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Spokane, Washington  Est. May 19, 1883

Spokane Valley Councilman Al Merkel enters the race for soon-to-be vacant seat in Washington Senate

Spokane Valley City Council Position 3 candidate Al Merkel, now a city council person and state Senate candidate, debates during a Northwest Passages Pints & Politics forum held Thursday, Oct. 26, 2023, at the Mirabeau Park Hotel & Convention Center.  (Colin Mulvany/The Spokesman-Review)

Spokane Valley City Councilman Al Merkel has announced his candidacy for a state Senate seat being vacated by fellow Republican Sen. Mike Padden.

Merkel intends to retain his seat on City Council while vying for the 4th Legislative District Senate position and would serve in both roles concurrently if elected, he said.

“This is a four-year position, and an incredibly important four-year position for some of the issues that we’re talking about here in Spokane Valley, and similarly, in the other cities in the 4th District,” Merkel said. “We need somebody who is willing to advocate for those issues, and for the people’s issues here in Washington State.”

Prior to his election to the council last November, Merkel, 38, ran unsuccessfully for the Spokane Valley City Council in 2017 and 2019. He currently co-owns a dog grooming business with his wife, and spent most of his career working as a contract specialist for a handful of companies. He served as chief financial officer and, briefly, chief executive officer of Sequoia Detox Centers from 2019 to 2021, and is a sitting GOP precinct committee officer.

Also joining the race for Padden’s soon-to-be vacant Senate seat are Democrat Miguel Valencia and Republicans Mike Kelly and Rep. Leonard Christian.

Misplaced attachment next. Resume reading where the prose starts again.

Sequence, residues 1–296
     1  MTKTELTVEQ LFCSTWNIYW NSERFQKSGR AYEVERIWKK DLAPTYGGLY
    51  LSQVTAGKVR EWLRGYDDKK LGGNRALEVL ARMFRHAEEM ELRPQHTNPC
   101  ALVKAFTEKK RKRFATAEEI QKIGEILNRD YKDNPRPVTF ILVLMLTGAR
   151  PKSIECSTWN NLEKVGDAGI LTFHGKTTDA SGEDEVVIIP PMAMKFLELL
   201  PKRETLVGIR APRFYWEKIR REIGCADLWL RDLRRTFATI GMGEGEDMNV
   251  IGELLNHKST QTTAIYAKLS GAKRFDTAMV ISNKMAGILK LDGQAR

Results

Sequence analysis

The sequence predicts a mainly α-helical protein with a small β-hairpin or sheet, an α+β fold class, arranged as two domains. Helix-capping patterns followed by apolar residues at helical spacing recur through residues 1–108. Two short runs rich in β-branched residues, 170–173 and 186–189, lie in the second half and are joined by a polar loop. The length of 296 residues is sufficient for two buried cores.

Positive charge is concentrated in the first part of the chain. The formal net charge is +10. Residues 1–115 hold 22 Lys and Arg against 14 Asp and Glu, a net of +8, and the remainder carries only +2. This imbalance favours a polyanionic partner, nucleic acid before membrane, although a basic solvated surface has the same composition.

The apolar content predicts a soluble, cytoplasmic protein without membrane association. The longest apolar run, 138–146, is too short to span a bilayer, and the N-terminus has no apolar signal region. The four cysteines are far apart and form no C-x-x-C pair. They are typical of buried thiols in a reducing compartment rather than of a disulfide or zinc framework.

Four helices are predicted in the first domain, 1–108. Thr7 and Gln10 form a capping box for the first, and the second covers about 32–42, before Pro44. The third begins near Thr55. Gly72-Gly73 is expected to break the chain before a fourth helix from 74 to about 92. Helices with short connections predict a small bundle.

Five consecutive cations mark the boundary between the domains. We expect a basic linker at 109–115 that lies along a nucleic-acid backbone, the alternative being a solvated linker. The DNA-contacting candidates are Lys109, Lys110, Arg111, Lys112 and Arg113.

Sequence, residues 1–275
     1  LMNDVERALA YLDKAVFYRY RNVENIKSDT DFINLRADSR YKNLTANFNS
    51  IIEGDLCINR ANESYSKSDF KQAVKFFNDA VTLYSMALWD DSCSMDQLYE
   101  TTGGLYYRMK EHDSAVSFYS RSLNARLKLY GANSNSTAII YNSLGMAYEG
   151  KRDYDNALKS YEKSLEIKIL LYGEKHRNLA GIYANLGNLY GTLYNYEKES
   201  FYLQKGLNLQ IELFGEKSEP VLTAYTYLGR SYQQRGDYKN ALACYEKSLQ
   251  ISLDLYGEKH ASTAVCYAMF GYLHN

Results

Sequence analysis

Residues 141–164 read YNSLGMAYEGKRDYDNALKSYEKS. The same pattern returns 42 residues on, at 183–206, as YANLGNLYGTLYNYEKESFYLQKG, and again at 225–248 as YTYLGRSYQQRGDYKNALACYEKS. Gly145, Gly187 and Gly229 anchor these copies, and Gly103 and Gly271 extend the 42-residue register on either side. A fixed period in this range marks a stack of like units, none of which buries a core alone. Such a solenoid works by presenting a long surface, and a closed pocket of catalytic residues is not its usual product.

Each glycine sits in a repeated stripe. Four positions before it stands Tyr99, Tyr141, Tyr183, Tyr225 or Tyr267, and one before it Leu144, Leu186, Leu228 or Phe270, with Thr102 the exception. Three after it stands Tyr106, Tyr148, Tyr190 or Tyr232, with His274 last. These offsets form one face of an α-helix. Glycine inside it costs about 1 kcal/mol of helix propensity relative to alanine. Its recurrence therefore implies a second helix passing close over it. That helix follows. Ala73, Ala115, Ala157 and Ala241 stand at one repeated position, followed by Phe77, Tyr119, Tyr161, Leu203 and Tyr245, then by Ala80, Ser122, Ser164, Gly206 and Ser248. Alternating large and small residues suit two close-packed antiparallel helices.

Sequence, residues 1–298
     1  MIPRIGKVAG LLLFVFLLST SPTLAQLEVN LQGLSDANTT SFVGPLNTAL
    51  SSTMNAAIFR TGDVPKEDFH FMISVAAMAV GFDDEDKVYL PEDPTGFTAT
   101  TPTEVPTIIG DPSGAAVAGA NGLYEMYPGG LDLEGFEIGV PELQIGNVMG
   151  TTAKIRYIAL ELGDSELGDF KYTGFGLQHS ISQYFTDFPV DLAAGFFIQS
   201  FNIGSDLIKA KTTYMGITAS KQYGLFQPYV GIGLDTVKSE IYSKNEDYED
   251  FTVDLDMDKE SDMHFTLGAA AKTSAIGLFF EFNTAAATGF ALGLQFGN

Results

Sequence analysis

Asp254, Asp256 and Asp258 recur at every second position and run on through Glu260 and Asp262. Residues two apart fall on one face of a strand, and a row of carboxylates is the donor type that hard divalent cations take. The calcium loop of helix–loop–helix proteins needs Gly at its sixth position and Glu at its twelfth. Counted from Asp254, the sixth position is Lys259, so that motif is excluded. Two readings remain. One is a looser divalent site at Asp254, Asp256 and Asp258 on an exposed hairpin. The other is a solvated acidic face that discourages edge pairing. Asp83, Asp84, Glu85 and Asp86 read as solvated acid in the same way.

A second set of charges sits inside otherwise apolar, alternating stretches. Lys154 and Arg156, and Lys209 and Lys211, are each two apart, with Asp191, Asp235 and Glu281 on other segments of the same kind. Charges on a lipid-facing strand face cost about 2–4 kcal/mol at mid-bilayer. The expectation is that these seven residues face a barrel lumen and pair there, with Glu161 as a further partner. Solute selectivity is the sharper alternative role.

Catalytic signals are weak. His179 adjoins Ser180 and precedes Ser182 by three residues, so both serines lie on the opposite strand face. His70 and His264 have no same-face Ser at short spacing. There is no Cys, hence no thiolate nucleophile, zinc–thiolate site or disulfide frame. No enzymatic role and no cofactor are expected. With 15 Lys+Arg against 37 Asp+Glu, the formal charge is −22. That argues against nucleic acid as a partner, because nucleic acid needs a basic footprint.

If elected, Merkel said public safety, education and pushing to reform the Growth Management Act would be his top areas of focus.

The Growth Management Act was passed in 1990 to guide planning for growth and development in Washington. It mandates local jurisdictions to set when and where development should occur in their area in comprehensive plans published once every seven years. The act was intended to protect overgrowth of cities into natural areas, but Merkel believes it has incentivized purchasing property that may be included in future plans, with the intention to sell or develop later. That can dramatically increase property values and affect zoning regulations at the local level.

“This whole act needs to be really looked at,” Merkel said. “Because I think at this point, it’s gotten away from the original intention, which was to provide some regulation on growth in terms of nature. That has now become just artificial growth parameters that let some people profit, and other people not profit. Meanwhile, it hurts neighborhoods and hurts streets and hurts zoning.”

In the public safety realm, he’d like to see more proceeds from the state’s cannabis tax funneled into local law enforcement agencies, harsher penalties for drug possession and bolster efforts to address homelessness.

Merkel has served as an emergency substitute teacher for the Central Valley School District, which he said has provided him a first-hand look at the challenges facing public education. He said he’d advocate for more local control over school districts, better management of school district growth and district resources to avoid tax increases for property owners, and reforming or repealing mandates unfunded by the state legislature.

“The most particular ones, is really looking at school sizing requirements, looking at what types of classes are mandated to be required versus optional to be required by the school district,” Merkel said. “So it’s being able to turn some more of this back into local control and local decision making.”

Government transparency, community engagement and oversight of government contracts will continue to be important to him in his prospective new role as a state senator, which were all touchpoints of his city council campaign, Merkel said. He regularly harps on those values during council meetings.